*duration used: on and off for one year*

Bumble: a place for men of higher caliber who have zero true desire to pursue you.  Seriously, everyone on this app works as a lawyer, banker, or doctor.  Regardless of their 401K, they will all treat you equally: they won’t respond.  At least on Tinder, we’re all pretty aware that most men are only looking for sex.  On Bumble, they’re all claiming to be seeking someone special… but really only have the available time for a hookup.  On the other hand, this app taught me the importance of being a standout icebreaker, which is really just a stroke to my writing ego.  Everyone claims to despise “Hey, what’s up?” messages.  In my own profile, I boldly promised, “Swipe right and you’ll get a haiku!”  I’ve had many swipe rights and I (a woman of my word) have offered many custom-written Japanese poems.  The only one I remember vividly was one about a hot athletic nerd guitarist because I knew it had to be THE BEST ONE I HAVE EVER WRITTEN.  But, even in flexing my creative peacock feathers, the match expired after 24 hours.  In fact, only two men in all of the NYC Metro area have appreciated their personalized haikus.  The rest were either confused, robots, or dead.  If you can’t appreciate my 5-7-5, then you don’t deserve my forever vows.

Coffee Meets Bagel

*duration used: less than 3 months*  

The “Candy Crush” of dating apps.  Seriously, why do I have to collect coffee beans in order to talk to someone?  I only went on one date from this app, in which he asked me, “So, how is this going?” about 30 minutes in.  If you have to ask how it’s going, it’s probably not going well.  I also can’t even think about this app without craving a f*cking bagel.  So for the sake of my carb intake & the time it takes to find someone worth spending “beans” on, I’ll pass.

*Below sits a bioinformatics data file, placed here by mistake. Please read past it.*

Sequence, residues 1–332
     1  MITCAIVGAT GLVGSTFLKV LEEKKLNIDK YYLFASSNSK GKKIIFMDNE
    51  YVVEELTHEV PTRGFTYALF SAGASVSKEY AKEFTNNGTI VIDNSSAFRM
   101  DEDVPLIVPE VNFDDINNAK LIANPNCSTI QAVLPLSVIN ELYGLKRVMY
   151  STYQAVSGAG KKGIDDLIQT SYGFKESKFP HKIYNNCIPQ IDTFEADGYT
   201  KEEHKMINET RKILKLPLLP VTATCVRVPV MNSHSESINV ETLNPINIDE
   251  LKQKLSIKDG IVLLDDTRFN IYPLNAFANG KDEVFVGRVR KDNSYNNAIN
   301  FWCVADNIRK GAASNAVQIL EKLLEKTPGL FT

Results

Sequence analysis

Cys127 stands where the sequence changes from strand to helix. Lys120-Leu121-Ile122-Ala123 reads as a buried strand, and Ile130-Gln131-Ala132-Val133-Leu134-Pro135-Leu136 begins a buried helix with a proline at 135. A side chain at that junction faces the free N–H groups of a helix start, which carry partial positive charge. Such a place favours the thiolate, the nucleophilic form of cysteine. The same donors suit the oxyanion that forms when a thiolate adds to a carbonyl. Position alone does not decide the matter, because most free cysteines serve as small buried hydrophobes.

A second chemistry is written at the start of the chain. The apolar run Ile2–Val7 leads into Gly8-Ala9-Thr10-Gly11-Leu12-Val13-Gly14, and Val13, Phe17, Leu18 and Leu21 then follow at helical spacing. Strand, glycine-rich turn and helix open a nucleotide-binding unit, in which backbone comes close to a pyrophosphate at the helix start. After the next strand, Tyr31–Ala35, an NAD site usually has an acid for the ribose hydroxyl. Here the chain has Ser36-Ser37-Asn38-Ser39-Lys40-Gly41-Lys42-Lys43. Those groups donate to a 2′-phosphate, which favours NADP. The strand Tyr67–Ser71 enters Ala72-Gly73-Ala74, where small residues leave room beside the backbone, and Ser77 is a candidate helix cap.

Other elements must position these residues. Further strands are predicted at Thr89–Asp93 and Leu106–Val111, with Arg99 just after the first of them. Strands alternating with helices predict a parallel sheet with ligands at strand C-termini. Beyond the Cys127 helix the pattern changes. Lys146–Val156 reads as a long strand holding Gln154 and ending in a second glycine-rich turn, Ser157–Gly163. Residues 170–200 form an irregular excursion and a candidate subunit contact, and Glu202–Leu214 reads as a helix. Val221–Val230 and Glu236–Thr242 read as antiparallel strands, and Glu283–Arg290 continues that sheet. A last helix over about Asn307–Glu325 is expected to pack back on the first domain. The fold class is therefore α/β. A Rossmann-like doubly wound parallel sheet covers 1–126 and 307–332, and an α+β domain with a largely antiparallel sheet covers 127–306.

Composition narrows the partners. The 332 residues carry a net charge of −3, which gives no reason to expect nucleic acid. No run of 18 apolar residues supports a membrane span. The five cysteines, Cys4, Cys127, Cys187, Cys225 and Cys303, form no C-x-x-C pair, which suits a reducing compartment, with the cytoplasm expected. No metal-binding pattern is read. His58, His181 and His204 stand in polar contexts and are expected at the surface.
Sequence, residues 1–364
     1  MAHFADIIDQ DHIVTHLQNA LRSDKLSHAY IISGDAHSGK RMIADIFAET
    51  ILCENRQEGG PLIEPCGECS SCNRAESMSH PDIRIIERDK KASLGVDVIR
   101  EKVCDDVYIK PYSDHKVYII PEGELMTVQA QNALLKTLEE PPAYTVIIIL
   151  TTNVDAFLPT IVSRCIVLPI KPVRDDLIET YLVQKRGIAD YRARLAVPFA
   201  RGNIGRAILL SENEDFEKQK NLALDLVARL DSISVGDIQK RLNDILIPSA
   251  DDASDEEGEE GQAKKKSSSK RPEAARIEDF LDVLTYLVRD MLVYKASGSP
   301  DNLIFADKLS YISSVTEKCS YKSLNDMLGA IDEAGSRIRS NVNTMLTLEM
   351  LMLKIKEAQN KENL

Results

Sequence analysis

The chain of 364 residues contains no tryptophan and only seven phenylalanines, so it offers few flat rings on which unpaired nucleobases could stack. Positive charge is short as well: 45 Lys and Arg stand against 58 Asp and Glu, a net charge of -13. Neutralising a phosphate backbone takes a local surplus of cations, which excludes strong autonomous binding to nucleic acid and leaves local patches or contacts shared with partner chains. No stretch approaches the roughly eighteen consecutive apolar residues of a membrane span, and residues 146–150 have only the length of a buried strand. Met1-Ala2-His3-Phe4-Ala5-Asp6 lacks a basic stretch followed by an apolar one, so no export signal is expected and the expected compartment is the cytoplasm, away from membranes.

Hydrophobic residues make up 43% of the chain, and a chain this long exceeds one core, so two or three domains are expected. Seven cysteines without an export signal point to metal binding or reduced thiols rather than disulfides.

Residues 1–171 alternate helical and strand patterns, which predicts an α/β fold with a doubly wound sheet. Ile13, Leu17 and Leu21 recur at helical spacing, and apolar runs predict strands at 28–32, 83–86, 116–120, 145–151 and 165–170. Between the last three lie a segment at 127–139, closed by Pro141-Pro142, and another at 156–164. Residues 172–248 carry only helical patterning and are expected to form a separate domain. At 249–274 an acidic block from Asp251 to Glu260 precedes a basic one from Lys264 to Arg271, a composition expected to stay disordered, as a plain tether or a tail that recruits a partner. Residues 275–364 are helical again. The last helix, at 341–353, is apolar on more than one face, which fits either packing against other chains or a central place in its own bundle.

eHarmony

*duration used: 3-6 months*

You know the old guy who is in every commercial, the creator of this site?  Well, what you don’t know is that he’s also the website developer.  He sat down at his Windows 95 desktop, created the platform once, and said, “This is great and shall never be altered!” as grandpas stubbornly do.  But seriously.  The website does not appear to have been updated since the “You’ve Got Mail!” era.  It’s hideous to my millennial palette and also very crappy in function.  Every time I’d log in to having “New messages!” it was just the same message that I’d had for a week that wouldn’t mark itself as “read.”  Every time a match came up & I was disinterested, that profile would somehow still pop up on my “suggested matches” for DAYS.  When I canceled my account, the representative pleaded, “Most people find their true love in 6 months!!” I bluntly responded, “Well, sir, that’s because it takes 6 months to actually receive new matches.”  Also a fair warning to my fellow urbanites:  if you live in Manhattan, your “true love” will live approximately 3 hours away in That Little Town off of Amtrak, NJ.  Not that there’s anything wrong with TLTooA, but I certainly don’t have time to haul ass there every week.